A crystal chandelier
glistens in the afternoon sun streaming through the lace-curtained
windows. A young waitress balances a tray of pastries and coffees on one
hand, while her patrons read the afternoon papers to the quiet strains
of Mozart's Symphony Number 9 in G-major.
The atmosphere is quiet and reserved. The sweet smell of chocolate and
fresh-brewed coffee mix with the heady smoke of European cigarettes. The
waitress delicately sets a large glass filled with dense coffee and a
dollop of ice cream topped with an Everest-like mound of whipped cream
on my table. Next to it she places a glass plate on which is a slab of
chocolate sponge cake, layered with rich chocolate icing and topped with
an immense , ruby-red strawberry. This is the Sacher Torte, one of the
many things for which Vienna has become well known.
Vienna has it all—beautiful buildings, graceful statues, grassy parks
where string orchestras play Mozart, Strauss, and Beethoven, and
delightful restaurants. It’s said that the Viennese work hard so that
they can enjoy life. And one of those pleasant joys to be found in this
city is in the hundreds of coffeehouses.
Coffeehouses in Vienna are not like any other. They’re little
neighborhood pastry shops and cafés where the Viennese can drop in
anytime, have some coffee and pastry while they read their daily
newspapers or check the latest news on their laptops. Although patrons
can stay as long as they wish without fear of upsetting the owners,
during busy hours, it’s the courteous thing to stay only a short time.
Each Viennese coffeehouse is like a little jewel box, richly appointed
and cozy, offering shelter from the hustle and bustle of this modern
city. The institution dates back to 1683, when for two months Turkish
armies laid siege to the city, isolating it from the rest of the world.
Though Vienna's defenders numbered only about 15,000, the Turks almost
succeeded in breaking through its fortifications.
When a combined force of imperial troops and relief armies from
Lorraine, Bavaria, Saxony and Poland broke the siege, the Turks
retreated and left behind 300 cannon, 15,000 tents, and lots of coffee
The Austrian Emperor gave the beans to George Franz Kilschitzky, a
courier who repeatedly has passed through enemy lines, as a reward for
courageous deeds. Kolschitzky learned to roast and brew them and soon
opened a coffeehouse.
The strong brew quickly caught on in Vienna and then spread through the
rest of Europe. The coffeehouse flourished and café life became a part
of the Viennese scene. By the 19th century, most businessmen negotiated
their deals in coffeehouses. Men formulated philosophies and political
ideologies, wrote books and newspaper articles, analyzed textbooks and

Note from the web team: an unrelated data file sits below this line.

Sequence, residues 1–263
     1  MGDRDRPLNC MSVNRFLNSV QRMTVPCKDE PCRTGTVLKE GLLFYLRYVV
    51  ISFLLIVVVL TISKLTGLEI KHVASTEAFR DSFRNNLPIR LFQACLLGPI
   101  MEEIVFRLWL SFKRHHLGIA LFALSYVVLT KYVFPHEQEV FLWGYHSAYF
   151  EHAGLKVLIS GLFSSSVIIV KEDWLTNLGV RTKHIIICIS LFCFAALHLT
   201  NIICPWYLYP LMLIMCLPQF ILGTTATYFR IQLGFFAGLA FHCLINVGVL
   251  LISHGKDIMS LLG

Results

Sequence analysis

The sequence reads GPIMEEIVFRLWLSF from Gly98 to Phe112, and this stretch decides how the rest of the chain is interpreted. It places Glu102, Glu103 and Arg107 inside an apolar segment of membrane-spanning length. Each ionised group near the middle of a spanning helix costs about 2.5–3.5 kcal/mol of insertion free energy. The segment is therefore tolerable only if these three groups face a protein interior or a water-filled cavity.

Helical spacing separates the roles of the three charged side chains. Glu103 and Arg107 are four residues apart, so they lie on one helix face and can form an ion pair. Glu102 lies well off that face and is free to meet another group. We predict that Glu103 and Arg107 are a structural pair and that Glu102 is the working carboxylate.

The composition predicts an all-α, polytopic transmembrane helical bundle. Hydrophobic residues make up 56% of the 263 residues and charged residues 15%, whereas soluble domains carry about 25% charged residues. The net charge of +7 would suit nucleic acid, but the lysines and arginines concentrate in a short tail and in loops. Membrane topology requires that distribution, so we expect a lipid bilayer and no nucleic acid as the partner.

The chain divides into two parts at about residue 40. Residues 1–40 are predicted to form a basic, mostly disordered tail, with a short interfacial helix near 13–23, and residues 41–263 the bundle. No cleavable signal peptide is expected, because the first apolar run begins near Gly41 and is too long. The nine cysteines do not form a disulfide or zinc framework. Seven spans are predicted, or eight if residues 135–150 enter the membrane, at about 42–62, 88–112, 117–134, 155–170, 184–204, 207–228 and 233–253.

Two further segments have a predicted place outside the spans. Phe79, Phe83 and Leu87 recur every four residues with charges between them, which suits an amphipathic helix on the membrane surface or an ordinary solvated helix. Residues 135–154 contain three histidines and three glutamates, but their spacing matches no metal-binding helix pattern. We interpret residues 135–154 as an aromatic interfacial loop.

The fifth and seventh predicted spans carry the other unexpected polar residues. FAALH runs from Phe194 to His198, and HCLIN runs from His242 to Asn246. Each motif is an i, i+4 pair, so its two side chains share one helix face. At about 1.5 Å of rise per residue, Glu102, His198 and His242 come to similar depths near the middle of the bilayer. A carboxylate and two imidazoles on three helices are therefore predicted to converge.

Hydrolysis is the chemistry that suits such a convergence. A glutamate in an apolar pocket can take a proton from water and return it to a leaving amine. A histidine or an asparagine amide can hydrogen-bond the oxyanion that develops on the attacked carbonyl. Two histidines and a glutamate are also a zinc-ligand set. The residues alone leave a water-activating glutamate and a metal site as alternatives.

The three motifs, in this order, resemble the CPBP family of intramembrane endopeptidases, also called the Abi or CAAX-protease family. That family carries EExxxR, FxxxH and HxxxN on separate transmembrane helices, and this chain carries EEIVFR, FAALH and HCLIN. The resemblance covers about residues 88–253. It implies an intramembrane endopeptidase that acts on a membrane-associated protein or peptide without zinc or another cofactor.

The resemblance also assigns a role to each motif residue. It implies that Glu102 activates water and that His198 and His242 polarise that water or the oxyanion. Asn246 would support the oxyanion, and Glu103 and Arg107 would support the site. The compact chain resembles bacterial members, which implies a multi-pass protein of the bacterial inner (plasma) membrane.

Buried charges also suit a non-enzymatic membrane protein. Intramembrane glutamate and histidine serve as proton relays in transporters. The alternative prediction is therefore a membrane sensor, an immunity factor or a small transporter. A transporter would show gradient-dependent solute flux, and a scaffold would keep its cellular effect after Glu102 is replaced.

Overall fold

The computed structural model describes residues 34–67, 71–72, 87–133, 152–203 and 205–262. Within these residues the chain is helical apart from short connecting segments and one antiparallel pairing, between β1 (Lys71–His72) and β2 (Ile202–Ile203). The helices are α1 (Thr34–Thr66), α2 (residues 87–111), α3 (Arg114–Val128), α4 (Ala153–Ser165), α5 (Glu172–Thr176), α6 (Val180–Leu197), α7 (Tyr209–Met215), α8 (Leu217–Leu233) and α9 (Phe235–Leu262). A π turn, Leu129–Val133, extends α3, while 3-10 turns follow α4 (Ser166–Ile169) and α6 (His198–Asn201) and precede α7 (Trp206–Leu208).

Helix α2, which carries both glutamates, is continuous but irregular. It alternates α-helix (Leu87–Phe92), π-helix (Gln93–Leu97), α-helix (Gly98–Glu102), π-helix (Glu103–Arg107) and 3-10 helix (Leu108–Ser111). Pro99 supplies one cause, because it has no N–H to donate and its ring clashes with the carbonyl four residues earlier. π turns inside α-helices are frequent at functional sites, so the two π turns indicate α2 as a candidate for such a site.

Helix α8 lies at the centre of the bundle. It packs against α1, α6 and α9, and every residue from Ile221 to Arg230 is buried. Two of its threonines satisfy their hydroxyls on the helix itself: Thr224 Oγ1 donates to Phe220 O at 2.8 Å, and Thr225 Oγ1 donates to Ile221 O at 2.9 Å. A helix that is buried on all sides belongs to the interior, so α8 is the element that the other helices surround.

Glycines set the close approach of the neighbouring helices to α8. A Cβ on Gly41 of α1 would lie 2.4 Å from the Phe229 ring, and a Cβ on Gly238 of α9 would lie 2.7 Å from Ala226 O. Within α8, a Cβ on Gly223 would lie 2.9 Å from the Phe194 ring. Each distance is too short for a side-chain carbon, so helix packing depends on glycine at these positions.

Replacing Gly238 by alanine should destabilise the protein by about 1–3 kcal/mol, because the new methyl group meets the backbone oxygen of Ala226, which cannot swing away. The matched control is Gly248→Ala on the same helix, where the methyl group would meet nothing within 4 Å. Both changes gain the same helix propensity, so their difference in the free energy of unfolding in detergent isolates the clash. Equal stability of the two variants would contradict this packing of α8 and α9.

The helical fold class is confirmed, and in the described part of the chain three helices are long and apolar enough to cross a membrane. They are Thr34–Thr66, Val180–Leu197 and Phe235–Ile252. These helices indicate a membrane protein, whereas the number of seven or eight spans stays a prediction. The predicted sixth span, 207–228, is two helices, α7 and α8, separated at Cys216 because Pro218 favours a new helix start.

lecture notes, composed symphonies, operettas and waltzes, began,
cultivated and terminated romances, conveyed letters and messages,
embellished memories and exchanged gossip.
Even in the 21st century Vienna's
coffeehouses still serve many of these functions. All cultivate the
mystique of coffee, offering different types and styles under a variety
of fancy and sometimes obscure names. The Viennese like their coffee
strong—with milk or cream. For instance, Melange is hot coffee with
steamed milk, while cold coffee with vanilla ice cream and whipped cream
served in a tall glass is known as Wiener Eiskafee. Pharisaer is coffee
with rum, sugar and whipped cream, while Kaffee Kirsch is hot coffee
with kirschwasser, the cherry brandy from
Switzerland--and so on, and so on.
A variety of warm woods panel the walls in many while crystal sconces
beam romantic light and curtains hang in the windows. The walls sparkle
with polish, and tiny round ice cream tables stand in front of plushly
upholstered banquettes. Waiters wear pressed dinner jackets, while
waitresses wear black dresses with white, doily-like aprons. While the
atmosphere is formal, the air is informal and a hush-like library
environment prevails in some.
Coffeehouse food ranges form open-faced Danish tea sandwiches to rich
creams and tortes. The variety of goodies is infinite—Napoleons, cream
puffs, tarts and cakes of every description, all topped with mounds of
whipped cream, known as Schlag. Coffeehouse owners also use Schlag
to lighten a cup of coffee. Many patrons, including myself, like
to eat it by the spoonful all by itself.
One of the most famous coffeehouses in this city of waltzes is the Cafe
Mozart on Albertinaplatz. Many visitors also stop into the Sacher Hotel
Café across from St. Stefan's Cathedral or Demel's, at Kohlmarkt 18, the
pastry palace to end them all. Forget the calories and indulge.